But as luck would have it this man was more Professor Snape than Mr. Feeney.

During the course of my thought process he had begun talking about ediquette for the audience when someone is giving a speech (the course is Public Speaking, I see I failed to state this). "If you come in late," at this point I received a look, "then you do not come in. You wait at the door until..." I continued to listen, keeping my face from showing my mortification and embarrassment. Did I mention this class in particular had a 2-1 guy-girl ratio, and all but two of said guys were brutally attractive?

And then, from the cognitive gates of nowhere, Professor Snape turned to me and said "Half an hour late? Really?!"

And as the only Griffendor in the room, I stood alone in a sea of scornful Slytherins as he continued, "Is this too be expected?"

Half an hour late? Half an hour late? My fears had been confirmed, but in my defense, at this point Snape was half an hour late in his humiliation tactics. I explained I thought the class was at nine thirty. And then I made the mistake of declaring "that's what my schedule said."

"Oh did it?" He scoffed aside to Malfoy who must have been sitting in the opposite corner, because who else would Snape share a joke with, let alone a joke at a Griffendor's expense?

I had meant honestly to say I'd read the schedule wrong, or something more true and not as excuse-y. But I was buckling under the preasure of being the only person in the room not on the right side of the line. I tried to hide my discomfort and humiliation, and in doing so Snape read not my sincere contrition, but flagrant disrespect and unabashed indifference. Even when the phone of the girl directly in front of his lecture podium went off, the cruelty had to return to me. Even after the five minute, freeing rant about learning to turn technology off, the snarl had to come back to me.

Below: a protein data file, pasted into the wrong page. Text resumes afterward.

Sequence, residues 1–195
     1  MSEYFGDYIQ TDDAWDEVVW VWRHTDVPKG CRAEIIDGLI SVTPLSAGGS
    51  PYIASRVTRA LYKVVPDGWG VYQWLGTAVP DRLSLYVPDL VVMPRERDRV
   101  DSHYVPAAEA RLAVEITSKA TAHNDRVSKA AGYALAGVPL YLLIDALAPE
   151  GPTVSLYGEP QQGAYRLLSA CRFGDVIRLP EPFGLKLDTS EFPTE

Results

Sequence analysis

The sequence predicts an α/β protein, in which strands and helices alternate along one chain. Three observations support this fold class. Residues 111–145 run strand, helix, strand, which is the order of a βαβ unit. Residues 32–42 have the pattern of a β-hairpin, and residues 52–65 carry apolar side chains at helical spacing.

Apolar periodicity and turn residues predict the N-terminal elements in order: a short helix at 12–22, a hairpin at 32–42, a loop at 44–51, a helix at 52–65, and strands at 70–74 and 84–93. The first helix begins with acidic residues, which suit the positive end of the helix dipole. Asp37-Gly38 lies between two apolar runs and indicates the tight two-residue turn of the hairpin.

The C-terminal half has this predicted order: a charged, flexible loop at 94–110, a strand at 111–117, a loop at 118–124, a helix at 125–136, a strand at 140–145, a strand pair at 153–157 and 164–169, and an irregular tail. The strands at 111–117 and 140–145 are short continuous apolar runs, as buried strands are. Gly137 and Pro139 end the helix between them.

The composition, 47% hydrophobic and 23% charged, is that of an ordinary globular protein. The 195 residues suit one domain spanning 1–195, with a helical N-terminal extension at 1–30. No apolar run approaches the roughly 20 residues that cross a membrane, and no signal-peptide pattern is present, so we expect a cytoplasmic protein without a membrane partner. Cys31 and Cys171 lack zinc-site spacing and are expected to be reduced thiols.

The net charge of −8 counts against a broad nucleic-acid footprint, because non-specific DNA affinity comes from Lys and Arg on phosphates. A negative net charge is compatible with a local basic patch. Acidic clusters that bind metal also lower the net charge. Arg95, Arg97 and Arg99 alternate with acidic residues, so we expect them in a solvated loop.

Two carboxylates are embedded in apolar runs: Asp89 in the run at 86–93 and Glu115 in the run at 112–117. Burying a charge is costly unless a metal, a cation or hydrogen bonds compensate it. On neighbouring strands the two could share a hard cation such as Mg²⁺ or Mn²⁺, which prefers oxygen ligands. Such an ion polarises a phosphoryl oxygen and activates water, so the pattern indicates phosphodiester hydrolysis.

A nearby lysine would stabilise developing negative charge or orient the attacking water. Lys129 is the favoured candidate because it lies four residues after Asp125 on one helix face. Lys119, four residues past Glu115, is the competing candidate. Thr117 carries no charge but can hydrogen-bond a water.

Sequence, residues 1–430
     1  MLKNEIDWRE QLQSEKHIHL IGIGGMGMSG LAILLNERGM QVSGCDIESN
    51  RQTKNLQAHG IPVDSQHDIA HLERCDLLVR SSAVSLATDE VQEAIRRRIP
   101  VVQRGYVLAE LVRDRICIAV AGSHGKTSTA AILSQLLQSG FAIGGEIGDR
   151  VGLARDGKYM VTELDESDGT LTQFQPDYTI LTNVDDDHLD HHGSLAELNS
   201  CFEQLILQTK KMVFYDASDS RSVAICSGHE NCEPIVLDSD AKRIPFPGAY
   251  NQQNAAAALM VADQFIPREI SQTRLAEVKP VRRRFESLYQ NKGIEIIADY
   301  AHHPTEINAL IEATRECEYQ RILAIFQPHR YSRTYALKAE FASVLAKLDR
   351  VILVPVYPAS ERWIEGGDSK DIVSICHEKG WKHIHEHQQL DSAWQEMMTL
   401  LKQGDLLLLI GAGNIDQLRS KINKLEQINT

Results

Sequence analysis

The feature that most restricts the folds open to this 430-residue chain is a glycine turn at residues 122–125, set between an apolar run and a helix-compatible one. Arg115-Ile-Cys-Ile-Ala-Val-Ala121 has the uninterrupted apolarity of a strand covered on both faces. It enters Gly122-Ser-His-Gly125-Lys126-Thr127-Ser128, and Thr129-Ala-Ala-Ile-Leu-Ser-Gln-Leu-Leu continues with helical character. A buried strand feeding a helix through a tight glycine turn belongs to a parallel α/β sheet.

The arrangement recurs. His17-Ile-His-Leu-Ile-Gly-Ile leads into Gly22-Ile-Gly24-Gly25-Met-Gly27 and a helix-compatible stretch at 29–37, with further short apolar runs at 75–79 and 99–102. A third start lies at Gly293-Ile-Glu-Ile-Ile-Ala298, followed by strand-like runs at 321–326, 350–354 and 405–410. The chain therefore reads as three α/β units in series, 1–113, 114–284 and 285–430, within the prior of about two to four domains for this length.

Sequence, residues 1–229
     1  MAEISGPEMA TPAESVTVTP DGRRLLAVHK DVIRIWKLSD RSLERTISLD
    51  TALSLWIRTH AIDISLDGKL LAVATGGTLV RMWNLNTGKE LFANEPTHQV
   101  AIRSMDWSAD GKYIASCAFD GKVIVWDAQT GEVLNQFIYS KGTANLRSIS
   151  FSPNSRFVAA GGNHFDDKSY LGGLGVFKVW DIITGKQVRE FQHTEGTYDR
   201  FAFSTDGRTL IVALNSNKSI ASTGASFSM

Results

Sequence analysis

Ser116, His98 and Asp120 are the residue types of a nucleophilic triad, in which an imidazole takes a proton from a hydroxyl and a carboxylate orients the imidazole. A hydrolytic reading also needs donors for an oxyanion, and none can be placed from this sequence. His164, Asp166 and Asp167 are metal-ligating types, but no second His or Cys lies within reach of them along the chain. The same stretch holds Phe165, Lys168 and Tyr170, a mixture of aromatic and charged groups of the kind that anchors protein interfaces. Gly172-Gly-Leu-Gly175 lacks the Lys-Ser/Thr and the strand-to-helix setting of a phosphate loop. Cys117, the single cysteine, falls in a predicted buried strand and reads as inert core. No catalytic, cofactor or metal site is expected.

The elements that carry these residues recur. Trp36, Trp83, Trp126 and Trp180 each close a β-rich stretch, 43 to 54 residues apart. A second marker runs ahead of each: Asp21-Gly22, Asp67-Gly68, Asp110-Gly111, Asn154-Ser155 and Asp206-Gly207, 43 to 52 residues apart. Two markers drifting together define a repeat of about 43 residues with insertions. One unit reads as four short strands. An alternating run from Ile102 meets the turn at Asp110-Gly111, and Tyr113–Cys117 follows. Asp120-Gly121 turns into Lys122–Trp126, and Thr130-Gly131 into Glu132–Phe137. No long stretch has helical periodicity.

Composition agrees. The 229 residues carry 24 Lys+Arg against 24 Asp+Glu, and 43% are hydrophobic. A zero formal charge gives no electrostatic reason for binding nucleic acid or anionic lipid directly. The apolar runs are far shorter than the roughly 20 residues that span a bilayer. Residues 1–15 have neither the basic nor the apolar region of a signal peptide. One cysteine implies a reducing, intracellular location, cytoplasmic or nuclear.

I was going to apologize after class. I was going to explain myself with remorse. But he couldn't be adult about it. So I wasn't about to try to be adult about and risk turning into a blubbering, teary mess. No. I left the classroom, and metaphorically left behind any desire to have him respect me as a person, because thus far he's not making it easy to be done in reverse. No, I am writing a speech about theatre, Snape. I am not researching stem-cells just to impress you with my weighty and controversial topic. I am not going to sit anywhere else in your class, and you can remember every day how you alienated me, and how when I signed up for your class I felt you were going to be my favorite teacher. But I'm not going to cross into the baptismal waters to becoming Slytherin. You can be my favorite teacher when an immortal snake bites you into a bloodly mass and you let me keep your memories about your good intentions.

For now you're alive and I'm ill-expressed and as it stands I am not naming my son after you.

But I need this class to be an Auror. So I'll see you tomorrow Snape.

And I'll be on time.